The strange thing is when I first arrived in Northern Ireland I got lots of positive attention.

I’m quite sociable and when I was out people would come and talk to me and ask where I was from.

I always felt welcome and met many of my close friends during those encounters.

There was no problem with our families when Joanna and I decided to get married — both of my parents are mixed race and so am I.

There’s always a fear, though, that your children will be the subject of discrimination, particularly from other kids at school.

We want our kids to feel like they’re all equals so we explain to them not to  accept that kind of behaviour.

Joanna says:

It never concerned me that Richardo has a different skin colour, but initially it was quite something for my parents to take on board. They come from quite a religious background so they have had to be more open minded.

I think their concern has been over the kids and what it would be like for them to growing up here, knowing the Northern Ireland mentality. It wasn’t a problem; it was just something they worried about. But now they are used to it.

Richardo has a bit of a Northern Ireland accent now, so once he starts to speak people realise he’s been here for a long time. We live in east Belfast and we are in a minority; there are no other mixed race children at Eva’s school.

She has had the odd racist comment — she’s been told her skin colour is unlucky, and I know that comes from the parents. I find attitudes like that really shocking.”

‘He’s been told to go home or he’s only here for benefits’

Janette Nhangaba (37), is a widening participation manager, and lives in Belfast with her husband Carlos (35), a car park chain supervisor, and their children, Toby (4) and Oliver (four months).

She says:

Carlos and I met when I was volunteering for NGO in Mozambique in 2007. He was a leader at the company and I had travelled out to Africa as I was considering a permanent post there.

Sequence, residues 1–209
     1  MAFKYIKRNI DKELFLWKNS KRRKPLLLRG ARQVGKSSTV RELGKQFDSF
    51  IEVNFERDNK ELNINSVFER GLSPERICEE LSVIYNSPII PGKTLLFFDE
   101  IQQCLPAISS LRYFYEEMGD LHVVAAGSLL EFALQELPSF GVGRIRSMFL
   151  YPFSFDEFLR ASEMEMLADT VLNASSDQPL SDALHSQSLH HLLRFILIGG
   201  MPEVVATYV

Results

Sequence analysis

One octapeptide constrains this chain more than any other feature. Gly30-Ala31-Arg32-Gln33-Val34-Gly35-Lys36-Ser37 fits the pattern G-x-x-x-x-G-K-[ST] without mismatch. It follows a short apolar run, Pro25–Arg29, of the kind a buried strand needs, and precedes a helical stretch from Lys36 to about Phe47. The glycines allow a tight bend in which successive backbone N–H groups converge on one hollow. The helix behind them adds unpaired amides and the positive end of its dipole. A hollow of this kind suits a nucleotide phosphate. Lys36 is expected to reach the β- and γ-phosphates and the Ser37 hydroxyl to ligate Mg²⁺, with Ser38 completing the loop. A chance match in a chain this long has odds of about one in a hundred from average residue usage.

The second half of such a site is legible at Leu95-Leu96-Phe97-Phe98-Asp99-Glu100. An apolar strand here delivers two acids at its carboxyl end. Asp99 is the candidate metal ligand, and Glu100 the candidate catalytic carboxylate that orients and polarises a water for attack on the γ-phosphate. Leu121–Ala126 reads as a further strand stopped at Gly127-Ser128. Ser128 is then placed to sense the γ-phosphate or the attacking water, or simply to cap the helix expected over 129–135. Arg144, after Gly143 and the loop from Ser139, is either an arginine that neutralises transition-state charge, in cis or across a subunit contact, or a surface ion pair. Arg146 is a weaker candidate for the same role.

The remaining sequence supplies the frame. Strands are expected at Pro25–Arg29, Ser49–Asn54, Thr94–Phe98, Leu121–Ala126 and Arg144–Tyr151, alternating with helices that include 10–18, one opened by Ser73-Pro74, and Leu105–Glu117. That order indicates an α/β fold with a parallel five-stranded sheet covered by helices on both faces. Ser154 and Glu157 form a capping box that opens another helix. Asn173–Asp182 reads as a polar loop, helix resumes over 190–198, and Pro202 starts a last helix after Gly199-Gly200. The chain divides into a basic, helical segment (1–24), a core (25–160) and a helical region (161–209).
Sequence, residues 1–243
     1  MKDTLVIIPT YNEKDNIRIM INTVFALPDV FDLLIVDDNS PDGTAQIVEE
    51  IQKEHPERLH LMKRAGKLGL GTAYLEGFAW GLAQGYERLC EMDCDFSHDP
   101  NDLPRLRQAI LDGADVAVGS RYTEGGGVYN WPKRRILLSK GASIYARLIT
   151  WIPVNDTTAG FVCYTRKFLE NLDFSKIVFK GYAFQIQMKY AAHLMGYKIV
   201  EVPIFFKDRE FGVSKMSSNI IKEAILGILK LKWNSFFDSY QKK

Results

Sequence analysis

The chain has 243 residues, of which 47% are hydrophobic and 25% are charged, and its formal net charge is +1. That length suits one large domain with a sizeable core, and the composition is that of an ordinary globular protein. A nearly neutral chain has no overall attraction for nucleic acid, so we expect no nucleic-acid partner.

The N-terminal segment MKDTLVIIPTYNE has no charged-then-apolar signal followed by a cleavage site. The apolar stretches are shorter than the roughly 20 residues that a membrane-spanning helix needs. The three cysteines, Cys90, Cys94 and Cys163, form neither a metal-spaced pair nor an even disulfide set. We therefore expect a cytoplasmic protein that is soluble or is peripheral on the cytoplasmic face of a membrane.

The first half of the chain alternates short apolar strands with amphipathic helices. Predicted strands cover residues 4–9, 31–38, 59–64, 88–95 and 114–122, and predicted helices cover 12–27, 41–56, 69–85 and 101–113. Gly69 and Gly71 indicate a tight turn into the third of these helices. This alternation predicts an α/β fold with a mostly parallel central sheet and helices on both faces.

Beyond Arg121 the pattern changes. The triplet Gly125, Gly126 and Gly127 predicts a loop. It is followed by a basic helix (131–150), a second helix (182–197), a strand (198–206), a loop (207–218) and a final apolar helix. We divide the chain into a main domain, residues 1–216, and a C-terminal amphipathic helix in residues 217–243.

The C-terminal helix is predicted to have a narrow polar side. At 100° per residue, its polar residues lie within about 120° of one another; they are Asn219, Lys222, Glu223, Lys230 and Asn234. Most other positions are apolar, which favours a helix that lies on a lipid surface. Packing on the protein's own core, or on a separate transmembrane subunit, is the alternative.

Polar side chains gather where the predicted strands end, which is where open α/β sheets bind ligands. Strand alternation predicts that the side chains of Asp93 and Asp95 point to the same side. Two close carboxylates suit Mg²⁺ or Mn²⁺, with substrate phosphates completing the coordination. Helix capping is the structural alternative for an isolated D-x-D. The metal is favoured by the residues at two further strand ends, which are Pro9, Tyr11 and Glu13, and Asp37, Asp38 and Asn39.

We became good friends and when I went up to the north of the country for a few months we stayed in contact. When I returned our relationship changed and we became more than friends. Carlos always struck me as a man of integrity who is also compassionate.

I came back to Northern Ireland to do a masters degree in development management and trained to teach English. From 2008 we went back and forth between here and Africa — I would take all of my annual leave so I could spend a couple of months there and he would do the same thing to come here. When we got married in 2011 we moved out to Mozambique, where I taught at international schools.

A year later we came back to Northern Ireland and we had Toby. Carlos could only get a visa for six months so he went back, but when a family situation arose in Mozambique we joined him there for another 10 months. I came home in the summer 2014, then started the battle to get Carlos over.

Most people here probably don’t realise how hard it is for people from outside the EU to come over. It feels as though you’re guilty until proven innocent. Carlos had to do an English language test, while I had to prove I could support us as a family. He has no recourse to public funds for five years — nor is he interested.

While it took seven months to get Carlos here, it can take longer.

Being in a mixed race relationship here compared to Mozambique is different. It was presumed that I was rich in Africa because the few white people there tend to work for oil companies. Sometimes people thought he was my driver. I was never mistreated for being white though, there was no animosity towards me.

Carlos has been here since March 2015 and while people don’t look or treat us differently as a couple  — they do react to Carlos.

He has been told to ‘go home’ or that he’s only over here for benefits; he responds by telling those people he’s here because his wife is from Northern Ireland. Carlos is well-educated but as a black African his qualifications aren’t necessarily recognised, so he has to start off at the bottom of the career ladder. People assume that he can’t speak English and he often has to wait longer in shops to be served.

Some people assume he is a refugee; you really have to start at the bottom and work your way up people’s prejudices.

Carlos says:

My job is something I do for now as I gain local experience. I travel with my job and Northern Ireland is a lovely country — I love summer here — and I’ve had great experiences with the people.

Food-wise I’m still learning — it’s not the same as Mozambique where you can go into the garden and pick fresh mangoes and limes off the tree.

I’ve been living here on and off for the past seven years, but now that I’ve moved over to build a home and family it’s a bit different.

People often make comments and I am treated differently.

Moving to a different country is hard for anyone. You have to learn how people live. People here aren’t very approachable — I worked for an NGO for 10 years and made friends from all over the world.

But I’ve been here for over a year now and most of the friends I’ve made have come from my wife’s side. It’s been tough for people to engage with me as a normal person. People here are less travelled.”